We generally assume that any quantity measured has a “true” value, which is the result that we would get if we had a perfect measuring apparatus. However, devices may be poorly made, out of adjustment, subject to noise or other random effects, or difficult to read accurately. In addition, all devices give measurements to only a finite number of digits. These problems mean that uncertainty is an unavoidable part of the measurement process. Of course, you will try to reduce measurement uncertainty whenever possible, but you will never elminate it. Your task is to estimate the size of the uncertainty carefully and to communicate the result clearly.

We will quantify uncertainty by specifying the 95% confidence interval, which is the range within which we are 95% confident that the “true value” would be found if we could measure it. This means that we expect that there is only one chance in 20 that the true value does not lie within the specified range. The conventional way of specifying this range is to state the measurement value plus or minus the uncertainty. For example, we might report that the length of an object is 25.2 ± 0.2 cm, which means that the measured value is 25.2 cm and the uncertainty is ±0.2 cm. This statement mean that we are 95% confident that the measurement’s true value lies within the range 25.0 cm to 25.4 cm.

It is essential to know the uncertainty of a measured value in order to correctly interpret its meaning. For example, suppose that you measure the period of a pendulum to be 1.23 sec. Imagine that a theory predicts that the period should be 1.189275 sec. Is your result consistent with the theory or not? The answer to this question depends entirely on the uncertainty of your result. If your result has an uncertainty of ±0.05 s, then the true value of the measured period could quite easily be the same as the theoretical value. In this case, we say that the measurement is consistent with the theory. On the other hand, if the uncertainty in your result is ±0.01 s, then it is not very likely (less than one in twenty chance) that the true value being measuremed is the same as the predicted value. In this case, we say that the measurement is not consistent with the theory. If both values being compared have uncertainties, we'll say that they are consistent if the ranges overlap (for example, 1.43 ± 0.05 s and 1.50 ± 0.04 s) or that they are not consistent if the ranges don't overlap (for example, 1.13 ± 0.05 s and 1.30 ± 0.06 s). In previous classes, you may have calculated the percent difference between measurement and theory, but this isn't appropriate when you know uncertainties.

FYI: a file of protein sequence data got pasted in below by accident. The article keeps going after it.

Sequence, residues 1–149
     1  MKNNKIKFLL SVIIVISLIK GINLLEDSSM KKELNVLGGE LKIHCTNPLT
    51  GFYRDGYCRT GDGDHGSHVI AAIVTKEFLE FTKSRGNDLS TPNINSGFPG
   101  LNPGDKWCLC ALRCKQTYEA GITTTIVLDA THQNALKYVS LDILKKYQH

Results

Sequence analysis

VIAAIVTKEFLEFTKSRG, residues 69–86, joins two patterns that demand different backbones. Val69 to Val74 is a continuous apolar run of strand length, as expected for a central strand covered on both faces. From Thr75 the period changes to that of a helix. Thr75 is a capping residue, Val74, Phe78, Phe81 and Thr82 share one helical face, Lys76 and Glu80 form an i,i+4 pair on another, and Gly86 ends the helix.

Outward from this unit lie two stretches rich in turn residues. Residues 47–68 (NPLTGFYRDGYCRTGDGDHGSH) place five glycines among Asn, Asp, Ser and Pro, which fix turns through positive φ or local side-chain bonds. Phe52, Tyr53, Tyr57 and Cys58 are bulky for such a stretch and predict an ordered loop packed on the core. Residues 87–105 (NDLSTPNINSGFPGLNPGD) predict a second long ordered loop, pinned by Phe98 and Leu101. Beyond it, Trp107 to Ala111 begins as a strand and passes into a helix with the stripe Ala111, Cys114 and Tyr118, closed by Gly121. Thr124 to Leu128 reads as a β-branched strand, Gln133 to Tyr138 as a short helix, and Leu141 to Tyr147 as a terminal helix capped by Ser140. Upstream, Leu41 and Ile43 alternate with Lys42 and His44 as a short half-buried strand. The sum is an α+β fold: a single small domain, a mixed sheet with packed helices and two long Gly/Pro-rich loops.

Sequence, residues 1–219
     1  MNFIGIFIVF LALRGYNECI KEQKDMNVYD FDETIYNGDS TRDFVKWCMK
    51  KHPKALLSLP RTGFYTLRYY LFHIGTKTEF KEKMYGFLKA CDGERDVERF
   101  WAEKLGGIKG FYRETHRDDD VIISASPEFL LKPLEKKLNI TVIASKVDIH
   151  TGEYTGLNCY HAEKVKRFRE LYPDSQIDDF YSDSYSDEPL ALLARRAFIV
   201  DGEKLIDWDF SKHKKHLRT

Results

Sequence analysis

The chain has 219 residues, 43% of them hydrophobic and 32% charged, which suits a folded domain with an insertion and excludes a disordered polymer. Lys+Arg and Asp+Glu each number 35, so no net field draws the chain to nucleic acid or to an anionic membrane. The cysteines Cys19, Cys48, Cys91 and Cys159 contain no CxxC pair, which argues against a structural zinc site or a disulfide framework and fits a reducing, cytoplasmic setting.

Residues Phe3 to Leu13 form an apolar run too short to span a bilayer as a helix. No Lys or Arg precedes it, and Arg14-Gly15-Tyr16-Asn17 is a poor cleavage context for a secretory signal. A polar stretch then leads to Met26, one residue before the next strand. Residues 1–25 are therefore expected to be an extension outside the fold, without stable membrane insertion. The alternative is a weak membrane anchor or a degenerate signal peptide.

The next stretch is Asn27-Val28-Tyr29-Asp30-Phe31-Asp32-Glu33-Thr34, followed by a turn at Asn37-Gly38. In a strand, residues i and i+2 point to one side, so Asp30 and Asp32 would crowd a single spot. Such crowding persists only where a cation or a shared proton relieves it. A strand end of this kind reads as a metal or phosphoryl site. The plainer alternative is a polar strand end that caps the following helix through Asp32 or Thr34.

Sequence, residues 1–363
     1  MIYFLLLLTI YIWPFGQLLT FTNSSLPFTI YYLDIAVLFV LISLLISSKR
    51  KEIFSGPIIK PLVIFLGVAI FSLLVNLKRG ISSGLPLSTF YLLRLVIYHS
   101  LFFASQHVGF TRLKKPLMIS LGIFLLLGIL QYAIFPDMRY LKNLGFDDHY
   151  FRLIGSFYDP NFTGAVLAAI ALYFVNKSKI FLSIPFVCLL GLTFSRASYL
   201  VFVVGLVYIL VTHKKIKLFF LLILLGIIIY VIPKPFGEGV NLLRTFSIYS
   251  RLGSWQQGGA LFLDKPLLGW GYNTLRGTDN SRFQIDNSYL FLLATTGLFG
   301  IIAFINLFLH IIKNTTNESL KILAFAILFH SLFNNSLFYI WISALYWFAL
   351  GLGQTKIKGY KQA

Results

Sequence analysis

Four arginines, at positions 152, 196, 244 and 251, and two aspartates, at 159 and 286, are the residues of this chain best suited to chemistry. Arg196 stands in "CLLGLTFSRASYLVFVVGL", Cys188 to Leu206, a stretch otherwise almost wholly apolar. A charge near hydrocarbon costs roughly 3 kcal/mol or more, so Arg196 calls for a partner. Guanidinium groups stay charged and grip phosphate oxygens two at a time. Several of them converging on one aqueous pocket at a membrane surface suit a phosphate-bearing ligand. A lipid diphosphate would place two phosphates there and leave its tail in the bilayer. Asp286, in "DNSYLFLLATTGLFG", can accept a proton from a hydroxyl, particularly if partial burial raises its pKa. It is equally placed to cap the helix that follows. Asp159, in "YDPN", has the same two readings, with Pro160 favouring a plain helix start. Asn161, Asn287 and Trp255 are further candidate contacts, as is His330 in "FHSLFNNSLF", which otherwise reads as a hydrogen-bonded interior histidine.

Systematic errors occur when a piece of equipment is improperly constructed,
calibrated, or used, or when some physical process is going on in the experiment that you haven’t
taken into account. As a somewhat contrived example of problematic
equipment, suppose that you measured lengths with a meter stick that you failed to notice had
been cut off at the 5 cm mark. This would mean that all of your measured values would be 5 cm
too long. Some systematic errors resulting from equipment problems are relatively easy to identify
once you have some reason to suspect they exist. You can compare your equipment to two
similar, pieces of equipment and see if they all give the same result for the measurement. If your
device doesn’t agree with the other two, it probably has a problem.
As an example of a systematic error due to neglected
physical process, suppose you were trying to measure the acceleration of gravity by timing the motion of
a falling object. If you dropped a wadded-up
ball of paper, but neglected air resistance, you would find a much smaller value for the acceleration of
gravity (*g*) than the accepted value.
You don’t normally include systematic errors in the uncertainty of a measurement. If you
know that a systematic problem exists, you should fix the problem. In the meter-stick example
above, you would use a complete meter stick, or subtract 5 cm from all your measurements. Systematic
errors arising from unanticipated physics are harder to find, although they’re the source of many
Nobel Prizes in physics. Unfortunately, no well-defined procedures exist for finding systematic errors.